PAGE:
This is a story of two very different pours from the same batch. TL;DR: the first bottle was foamy and very carbonated, the second was normal, but the first bottle went flat and was cloudy, while the second bottle was within normal range for head, carbonation, and clarity.

The Story: I poured a bottle for a friend into a hand-rinsed, standard pint glass, pouring the first half down the side and the second half down the middle, being careful not to disturb or pour the lees. When I opened it, I noticed some bubbling in the neck, but no gusher. The beer was fairly foamy, very bubbly, with a head that dissipated very quickly.

I immediately opened a second bottle for myself, noticed the same bubbling, but got sidetracked and did not pour for about 10 minutes. Same type of glass and pouring technique. However, my beer had a nice head, that lasted a little while, and carbonation was normal.

When were about halfway through both beers at the same time, and noticed that my friend's beer had gone sort of flat with no lacing and was a little cloudy, while mine was still carbonated, and was pretty clear (you could see through it when held up to light). (By the way, the beer was somewhat green, and hopefully will benefit from more time in the bottle.)

My Question: Is this a sign of improper carbonation, or could it be due to inadequate mixing in the fermenter before I bottled? I.e., maybe I racked too much beer into bottles and should have left more in the fermenter. Or maybe something different? I have never had bottles that varied from bottle to bottle before.

Recipe ingredients and process:

  • Belgian pale ale - all-grain: 95% Belgian pale malt, and 5% Belgian biscuit;
  • Safbrew T-58 yeast, properly rehydrated, with est. cell counts per Mr Malty's calculator.
  • OG: 1.050 --> FG: 1.010;
  • fermented in primary 15 days at 67°F; no secondary;
  • I did not cold crash or use any finings, but I gingerly moved the fermenter to the counter where I was bottling about two hours before bottling;
  • bottled straight from fermenter, and primed with exactly one Cooper's carbonation drop per bottle;
  • I did not feel like I was greedy about bottling too much beer, and I recall leaving quite a bit in the fermenter to avoid sediment, even pouring out the last bottle instead of capping;
  • bottle conditioned for 14 days at 70-72°F and another six days at 67°F, both in the same sealed case box.
  • Did you sample both to see if the carbonation varied between either bottle? Did you friend tell you his tasted flat? Things like lacing can happen with any beer, so long as the glass is cleaned. Head retention is easily killed in a dirty glass as well, although a clean glass doesn't alone mean it will have good head retention.
    – Scott
    Dec 27, 2013 at 17:05
  • Yes, we sampled each other's glasses, and agreed that mine was much better than his. These were second beers, so I had just hand-washed and -rinsed both pint glasses. Dec 27, 2013 at 21:28
  • The question is partially about head retention, but also about the weird carbonation profile of the first bottle compared to the second one - especially given that the priming sugar was calibrated to be equal due to using priming drops. Dec 27, 2013 at 21:31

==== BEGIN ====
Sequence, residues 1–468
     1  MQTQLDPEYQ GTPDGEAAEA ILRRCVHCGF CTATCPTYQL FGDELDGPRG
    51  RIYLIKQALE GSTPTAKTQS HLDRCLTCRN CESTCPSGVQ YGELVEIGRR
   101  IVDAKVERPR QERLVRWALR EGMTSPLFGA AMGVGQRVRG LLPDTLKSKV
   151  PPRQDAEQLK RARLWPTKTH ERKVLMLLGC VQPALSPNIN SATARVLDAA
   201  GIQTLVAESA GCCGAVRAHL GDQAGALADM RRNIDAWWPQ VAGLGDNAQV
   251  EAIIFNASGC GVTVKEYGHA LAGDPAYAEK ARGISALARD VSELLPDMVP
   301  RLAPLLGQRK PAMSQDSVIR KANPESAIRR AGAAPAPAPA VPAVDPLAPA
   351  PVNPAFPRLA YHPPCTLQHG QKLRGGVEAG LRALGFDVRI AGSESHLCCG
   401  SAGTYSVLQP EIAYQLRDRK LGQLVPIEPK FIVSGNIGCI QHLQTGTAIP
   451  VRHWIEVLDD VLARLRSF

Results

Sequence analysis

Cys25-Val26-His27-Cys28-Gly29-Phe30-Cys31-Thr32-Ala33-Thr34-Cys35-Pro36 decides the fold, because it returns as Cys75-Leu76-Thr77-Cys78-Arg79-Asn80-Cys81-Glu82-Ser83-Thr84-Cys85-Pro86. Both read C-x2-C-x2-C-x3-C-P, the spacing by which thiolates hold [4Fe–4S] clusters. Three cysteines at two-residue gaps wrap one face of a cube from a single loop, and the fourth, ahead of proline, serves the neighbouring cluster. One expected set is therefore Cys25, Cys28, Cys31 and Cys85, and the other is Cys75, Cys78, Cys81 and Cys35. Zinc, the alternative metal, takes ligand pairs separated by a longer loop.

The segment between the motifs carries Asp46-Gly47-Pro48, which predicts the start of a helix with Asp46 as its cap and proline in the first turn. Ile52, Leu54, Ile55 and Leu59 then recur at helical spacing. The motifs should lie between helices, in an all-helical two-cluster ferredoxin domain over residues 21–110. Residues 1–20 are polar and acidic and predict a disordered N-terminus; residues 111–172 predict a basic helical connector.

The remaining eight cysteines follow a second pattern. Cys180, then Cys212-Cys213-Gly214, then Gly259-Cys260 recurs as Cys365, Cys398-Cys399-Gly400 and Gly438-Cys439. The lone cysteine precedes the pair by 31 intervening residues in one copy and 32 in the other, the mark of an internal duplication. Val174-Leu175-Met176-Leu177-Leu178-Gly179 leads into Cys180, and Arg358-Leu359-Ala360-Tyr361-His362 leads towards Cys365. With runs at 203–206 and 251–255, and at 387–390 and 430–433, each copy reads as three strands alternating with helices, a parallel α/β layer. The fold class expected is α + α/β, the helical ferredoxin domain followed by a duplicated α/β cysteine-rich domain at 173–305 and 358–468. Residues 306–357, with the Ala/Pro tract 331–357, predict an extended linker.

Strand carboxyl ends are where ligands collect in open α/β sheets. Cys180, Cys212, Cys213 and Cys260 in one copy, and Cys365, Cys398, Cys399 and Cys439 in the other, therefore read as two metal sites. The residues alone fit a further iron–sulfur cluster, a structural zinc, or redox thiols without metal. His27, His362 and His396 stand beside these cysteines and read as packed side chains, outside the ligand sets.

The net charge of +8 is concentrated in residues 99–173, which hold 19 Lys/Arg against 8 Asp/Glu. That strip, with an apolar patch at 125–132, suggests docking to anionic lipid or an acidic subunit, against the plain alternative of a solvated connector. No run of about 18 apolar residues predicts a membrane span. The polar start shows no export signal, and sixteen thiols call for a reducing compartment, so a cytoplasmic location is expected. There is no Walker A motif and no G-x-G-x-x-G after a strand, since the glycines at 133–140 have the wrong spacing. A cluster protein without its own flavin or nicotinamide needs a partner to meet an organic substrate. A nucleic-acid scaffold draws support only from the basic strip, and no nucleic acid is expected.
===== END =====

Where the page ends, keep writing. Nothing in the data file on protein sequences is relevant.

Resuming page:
• Just to be 100% certain, you placed the drops in the individual bottles themselves, and didn't drop them all into the bucket and stir before pouring off into bottles, right?
    – Scott
    Dec 27, 2013 at 21:35
  • Yes, I put them in the bottles.:) I could have sanitized a bottling bucket, and used dextrose and a priming calculator. But it was late, I was getting lazy, and had a bunch of leftover priming drops from a recipe kit. Dec 27, 2013 at 22:06

3 Answers 3


My first thought is that the beer was not very uniform when bottled. Some brewers I know try to get scientific about mixing without introducing oxygen at bottle time; me I just mark the first few and last few from the batch and worry less!

  • Marking the first and last few bottles is a great idea that didn't occur to me. Thanks! Dec 27, 2013 at 21:32

It could very well be due to fermentation problems. Read this...it has tests that can help you diagnose the problem.


Also, if it's an extract batch, keep in mind that extract beers generally have less foam. Foam is produced by protein and a lot of protein gets removed when extract is made.

  • Thank you for the reference, Denny. This was an all-grain beer - malt bill is above. Dec 27, 2013 at 21:32

You were methodical about the important aspects in your write-up, and nothing looks suspect there. And since you primed with carbonation drops, that would rule-out non-uniform distribution of bottling sugar. And you later said:

we sampled each other's glasses, and agreed that mine was much better than his

So it goes beyond carbonation. Yes, less carbonation can have a bit less 'bite', but based on what I've seen here, I'd guess it was a non-sanitized bottle, and you had some bacteria in there.

It might turn out to be an "interesting" batch, since your bottling wand could have scraped a little bacteria-laced goo off of the bottom of the 30th bottle, so bottles 30 through 48 might be bad, whereas bottles 1 through 29 are good.

  • Interesting. That never occurred to me. I was letting the rest of the batch condition in the cellar for 2-3 more weeks, and I am now motivated to move that box back to the spare shower in case of bottle bombs. Dec 29, 2013 at 21:04
  • Let us know how it goes. I could be wildly off track!
    – Dale
    Dec 30, 2013 at 0:25

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